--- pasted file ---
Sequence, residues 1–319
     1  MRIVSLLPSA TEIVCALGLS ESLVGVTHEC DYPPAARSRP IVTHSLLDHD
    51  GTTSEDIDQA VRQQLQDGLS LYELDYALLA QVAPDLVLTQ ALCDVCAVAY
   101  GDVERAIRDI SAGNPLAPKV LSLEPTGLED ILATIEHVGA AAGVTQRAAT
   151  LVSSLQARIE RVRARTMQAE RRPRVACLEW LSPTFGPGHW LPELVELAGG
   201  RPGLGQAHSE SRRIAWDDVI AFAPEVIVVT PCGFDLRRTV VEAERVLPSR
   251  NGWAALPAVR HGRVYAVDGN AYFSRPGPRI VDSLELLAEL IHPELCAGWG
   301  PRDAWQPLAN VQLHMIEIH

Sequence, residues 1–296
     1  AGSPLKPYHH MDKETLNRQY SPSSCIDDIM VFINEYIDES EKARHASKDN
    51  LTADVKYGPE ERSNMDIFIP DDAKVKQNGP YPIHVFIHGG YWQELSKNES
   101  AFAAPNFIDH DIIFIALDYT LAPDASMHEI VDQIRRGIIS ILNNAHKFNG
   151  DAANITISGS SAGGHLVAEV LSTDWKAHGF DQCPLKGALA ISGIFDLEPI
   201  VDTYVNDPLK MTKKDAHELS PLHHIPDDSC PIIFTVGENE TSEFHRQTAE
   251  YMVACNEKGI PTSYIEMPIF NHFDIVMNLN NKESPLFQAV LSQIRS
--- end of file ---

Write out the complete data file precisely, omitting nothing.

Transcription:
Sequence, residues 1–319
     1  MRIVSLLPSA TEIVCALGLS ESLVGVTHEC DYPPAARSRP IVTHSLLDHD
    51  GTTSEDIDQA VRQQLQDGLS LYELDYALLA QVAPDLVLTQ ALCDVCAVAY
   101  GDVERAIRDI SAGNPLAPKV LSLEPTGLED ILATIEHVGA AAGVTQRAAT
   151  LVSSLQARIE RVRARTMQAE RRPRVACLEW LSPTFGPGHW LPELVELAGG
   201  RPGLGQAHSE SRRIAWDDVI AFAPEVIVVT PCGFDLRRTV VEAERVLPSR
   251  NGWAALPAVR HGRVYAVDGN AYFSRPGPRI VDSLELLAEL IHPELCAGWG
   301  PRDAWQPLAN VQLHMIEIH

Sequence, residues 1–296
     1  AGSPLKPYHH MDKETLNRQY SPSSCIDDIM VFINEYIDES EKARHASKDN
    51  LTADVKYGPE ERSNMDIFIP DDAKVKQNGP YPIHVFIHGG YWQELSKNES
   101  AFAAPNFIDH DIIFIALDYT LAPDASMHEI VDQIRRGIIS ILNNAHKFNG
   151  DAANITISGS SAGGHLVAEV LSTDWKAHGF DQCPLKGALA ISGIFDLEPI
   201  VDTYVNDPLK MTKKDAHELS PLHHIPDDSC PIIFTVGENE TSEFHRQTAE
   251  YMVACNEKGI PTSYIEMPIF NHFDIVMNLN NKESPLFQAV LSQIRS